Last year, the Plymouth Church Neighborhood Foundation proposed a 48-unit building on the site of their property at 18th and Emerson. Many neighbors in the immediate area were incensed at the inappropriate size of the development, as was I. To PCNF’s credit, they continued to engage the community, adjusted their plans at least slightly, and proposed a Community Benefits Agreement. After a community meeting, the NRRC board supported that CBA by a vote of 9-2.
There are still concerns raised over the scope of this project, and whether it fits with the neighborhood as a whole. PCNF did reduce the number of units from 48 down to 41, and agreed to fewer stories on site at the ends of the building, so that it would step down to surrounding properties on the block. I wanted to see how the building would fit though. So with permission from a PCNF staff person, I used their updated site rendering (the one that appeared to have the most support at the meeting) and layered it onto Google Maps.
Admittedly, it’s hard to get a sense of how the building fits or doesn’t fit with these pictures alone, as the maps don’t show what’s across the street. Furthermore, it should go without saying that the site plan as it’s layered above may not coincide with the actual location of the structure. But it’s about as good of an image as anyone’s produced.
So even though the NRRC board approved the CBA rather convincingly, I still have mixed feelings about the scale of the project. First and foremost, it’s quite possible that the reduction of units brings PCNF well within any zoning requirements – unlike at the 48-unit level where there was some dispute about that. If PCNF does squeak in under the required zoning, there may not be much anyone can or should do to stop them from putting up a building that they are legally allowed to construct. But the overall size still threatens to dwarf surrounding structures and still seems to lack adequate green space for children and families. With the old North Library about to finish its rehab, I do believe it is important to make sure that whatever structures lie to the south of that building are lower in height than the library.
Cost is another serious concern. It was repeated several times at the public meeting that this building will cost about $250,000 per unit to construct. And yet we can build some pretty cutting-edge, green-certified homes for that price and then sell them for at least $150,000. And look, it’s obvious that the funding for such housing doesn’t come in the form of a blank check to be used however we want. On the other hand, caving to what may be a flawed funding structure feels like someone is saying, “But if we don’t spend the money unwisely, we won’t get to spend it at all!”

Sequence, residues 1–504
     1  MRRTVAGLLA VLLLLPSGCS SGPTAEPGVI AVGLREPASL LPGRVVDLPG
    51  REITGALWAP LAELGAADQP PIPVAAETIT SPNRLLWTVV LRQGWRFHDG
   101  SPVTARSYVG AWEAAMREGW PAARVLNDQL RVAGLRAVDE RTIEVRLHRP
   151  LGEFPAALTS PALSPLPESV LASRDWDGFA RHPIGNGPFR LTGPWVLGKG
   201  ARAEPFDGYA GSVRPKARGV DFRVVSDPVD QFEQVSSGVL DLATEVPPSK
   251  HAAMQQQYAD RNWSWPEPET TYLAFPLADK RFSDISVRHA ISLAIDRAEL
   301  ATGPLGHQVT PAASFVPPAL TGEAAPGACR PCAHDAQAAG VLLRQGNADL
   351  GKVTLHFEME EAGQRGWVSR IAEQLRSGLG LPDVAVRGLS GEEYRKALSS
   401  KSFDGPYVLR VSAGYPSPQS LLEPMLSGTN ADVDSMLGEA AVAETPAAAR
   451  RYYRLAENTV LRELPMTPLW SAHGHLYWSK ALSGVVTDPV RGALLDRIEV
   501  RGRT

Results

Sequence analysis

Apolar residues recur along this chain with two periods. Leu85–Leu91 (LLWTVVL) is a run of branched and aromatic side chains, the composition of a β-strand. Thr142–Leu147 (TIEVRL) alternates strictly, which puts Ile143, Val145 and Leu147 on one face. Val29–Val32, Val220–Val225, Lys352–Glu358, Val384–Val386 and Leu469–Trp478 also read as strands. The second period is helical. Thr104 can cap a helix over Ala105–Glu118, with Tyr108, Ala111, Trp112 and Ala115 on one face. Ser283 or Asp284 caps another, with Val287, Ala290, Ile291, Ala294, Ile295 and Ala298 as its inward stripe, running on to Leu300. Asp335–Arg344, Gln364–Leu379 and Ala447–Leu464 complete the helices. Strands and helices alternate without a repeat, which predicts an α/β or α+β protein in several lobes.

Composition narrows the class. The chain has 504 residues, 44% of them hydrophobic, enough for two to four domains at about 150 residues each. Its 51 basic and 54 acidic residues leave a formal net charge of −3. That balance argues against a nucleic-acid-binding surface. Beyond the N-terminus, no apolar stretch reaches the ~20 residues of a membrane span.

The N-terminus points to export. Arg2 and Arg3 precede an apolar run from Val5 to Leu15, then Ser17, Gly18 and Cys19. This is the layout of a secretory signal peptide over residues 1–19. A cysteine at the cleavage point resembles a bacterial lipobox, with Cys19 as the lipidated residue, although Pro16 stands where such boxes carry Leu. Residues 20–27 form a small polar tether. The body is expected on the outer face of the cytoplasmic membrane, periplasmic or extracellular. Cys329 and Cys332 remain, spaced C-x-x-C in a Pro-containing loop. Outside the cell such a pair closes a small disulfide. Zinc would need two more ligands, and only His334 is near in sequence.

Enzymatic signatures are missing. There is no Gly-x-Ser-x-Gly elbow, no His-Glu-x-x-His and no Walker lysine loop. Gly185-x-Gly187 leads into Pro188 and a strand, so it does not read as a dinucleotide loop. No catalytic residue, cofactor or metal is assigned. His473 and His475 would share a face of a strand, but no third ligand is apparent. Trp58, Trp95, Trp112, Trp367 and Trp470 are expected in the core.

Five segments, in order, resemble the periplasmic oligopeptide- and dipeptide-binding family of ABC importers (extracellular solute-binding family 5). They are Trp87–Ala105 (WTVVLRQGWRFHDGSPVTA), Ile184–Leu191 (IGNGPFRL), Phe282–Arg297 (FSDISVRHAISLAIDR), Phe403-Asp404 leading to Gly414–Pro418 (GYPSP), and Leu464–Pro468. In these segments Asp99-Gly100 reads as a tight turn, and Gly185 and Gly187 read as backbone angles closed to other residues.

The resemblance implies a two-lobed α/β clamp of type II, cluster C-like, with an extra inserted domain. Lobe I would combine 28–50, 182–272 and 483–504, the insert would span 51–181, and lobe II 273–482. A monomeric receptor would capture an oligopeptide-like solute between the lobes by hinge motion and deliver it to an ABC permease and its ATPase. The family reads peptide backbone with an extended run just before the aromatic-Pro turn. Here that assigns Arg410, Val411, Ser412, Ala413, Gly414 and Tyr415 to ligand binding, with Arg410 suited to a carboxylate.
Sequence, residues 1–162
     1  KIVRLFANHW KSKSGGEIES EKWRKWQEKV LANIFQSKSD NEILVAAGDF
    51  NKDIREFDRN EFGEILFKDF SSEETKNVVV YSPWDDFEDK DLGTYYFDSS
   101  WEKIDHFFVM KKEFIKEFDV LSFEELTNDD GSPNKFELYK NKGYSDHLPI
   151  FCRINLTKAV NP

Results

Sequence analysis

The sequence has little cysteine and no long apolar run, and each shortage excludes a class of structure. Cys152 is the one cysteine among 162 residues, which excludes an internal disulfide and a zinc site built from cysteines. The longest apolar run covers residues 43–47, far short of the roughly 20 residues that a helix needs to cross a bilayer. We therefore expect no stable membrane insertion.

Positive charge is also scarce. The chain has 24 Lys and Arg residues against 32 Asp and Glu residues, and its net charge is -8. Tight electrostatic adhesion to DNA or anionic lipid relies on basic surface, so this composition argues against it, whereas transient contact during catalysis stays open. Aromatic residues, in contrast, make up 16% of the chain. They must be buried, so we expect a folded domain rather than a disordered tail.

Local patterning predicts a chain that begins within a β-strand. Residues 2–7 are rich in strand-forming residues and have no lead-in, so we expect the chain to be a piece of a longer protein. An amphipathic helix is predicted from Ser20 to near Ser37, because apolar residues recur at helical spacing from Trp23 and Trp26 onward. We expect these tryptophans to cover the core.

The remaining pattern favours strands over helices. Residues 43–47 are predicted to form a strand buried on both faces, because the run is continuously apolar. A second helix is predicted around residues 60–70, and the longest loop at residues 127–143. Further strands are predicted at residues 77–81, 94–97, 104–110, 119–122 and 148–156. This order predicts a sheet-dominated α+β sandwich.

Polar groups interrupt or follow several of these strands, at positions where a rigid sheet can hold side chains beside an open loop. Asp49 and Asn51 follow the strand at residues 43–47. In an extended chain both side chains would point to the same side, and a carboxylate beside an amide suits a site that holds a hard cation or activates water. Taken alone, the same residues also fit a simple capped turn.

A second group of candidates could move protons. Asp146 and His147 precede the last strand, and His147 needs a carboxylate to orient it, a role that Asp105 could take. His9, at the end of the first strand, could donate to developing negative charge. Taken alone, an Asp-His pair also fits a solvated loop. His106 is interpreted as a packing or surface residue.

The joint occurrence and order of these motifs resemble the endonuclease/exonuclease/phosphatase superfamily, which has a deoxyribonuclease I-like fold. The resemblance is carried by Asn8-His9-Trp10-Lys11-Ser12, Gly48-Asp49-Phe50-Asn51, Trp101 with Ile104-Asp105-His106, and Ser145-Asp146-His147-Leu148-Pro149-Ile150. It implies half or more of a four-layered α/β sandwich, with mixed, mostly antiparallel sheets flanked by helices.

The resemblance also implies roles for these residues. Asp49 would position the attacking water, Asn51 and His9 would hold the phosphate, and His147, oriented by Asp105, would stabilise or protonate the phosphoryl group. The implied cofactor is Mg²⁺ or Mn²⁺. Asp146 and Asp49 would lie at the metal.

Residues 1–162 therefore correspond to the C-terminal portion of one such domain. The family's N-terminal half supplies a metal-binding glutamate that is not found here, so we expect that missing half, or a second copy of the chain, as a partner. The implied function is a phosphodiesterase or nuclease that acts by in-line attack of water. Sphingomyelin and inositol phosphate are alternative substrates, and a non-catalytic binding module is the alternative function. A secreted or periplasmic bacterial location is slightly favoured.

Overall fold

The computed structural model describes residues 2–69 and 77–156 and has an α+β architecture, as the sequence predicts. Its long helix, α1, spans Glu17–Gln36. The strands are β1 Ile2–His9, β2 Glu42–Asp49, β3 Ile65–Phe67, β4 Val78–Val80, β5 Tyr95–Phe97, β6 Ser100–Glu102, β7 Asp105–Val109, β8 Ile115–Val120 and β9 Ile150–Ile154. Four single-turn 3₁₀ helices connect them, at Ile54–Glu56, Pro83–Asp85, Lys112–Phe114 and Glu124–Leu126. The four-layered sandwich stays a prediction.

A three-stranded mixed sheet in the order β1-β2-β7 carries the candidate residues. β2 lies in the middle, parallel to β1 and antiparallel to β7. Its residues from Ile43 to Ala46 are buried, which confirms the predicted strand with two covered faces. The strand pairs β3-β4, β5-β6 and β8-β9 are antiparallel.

That being said, there was significant support from the community for this proposal at the UROC public meeting. Although I remained somewhat unconvinced, I sought out the perspective of someone I trust who lives in the area and is in support of the project. We talked at some length about the need for housing and how this building would help to fill that need. While it’s true that we could build or rehab homes for significantly less per unit, a lot of people aren’t ready for that kind of living yet. Furthermore, north Minneapolis does lack quality, affordable, higher-density housing units like this one.
Now I didn’t really need someone else to tell me about the need for such housing over north. Over the past few months, quite a few people have approached me and expressed how difficult it is for them to find good rental housing in our community. They worship, work, or shop here, and want to live here but there just isn’t the kind of housing available that they need right now. And since the last census, north Minneapolis lost roughly 7,700 residents. Adding this kind of density helps the community recover as well.
More importantly to the people in need of housing, when they can’t get the kind of housing they need here in north, where do they go? They are going outside of our community, or to a shelter, or to a relative’s couch, or to the slumlord who is the only one providing them with housing that is remotely affordable. An apartment complex like the one proposed does have the potential of addressing housing problems in north Minneapolis on several levels. I am hopeful that PCNF can do so while adhering to community standards. Their first proposal fell short of that. The current designs show significant improvements in that regard, as evidenced by the NRRC support. With a Community Benefits Agreement, there is a much better chance that the project can be done right.
(Photos by Jeff Skrenes)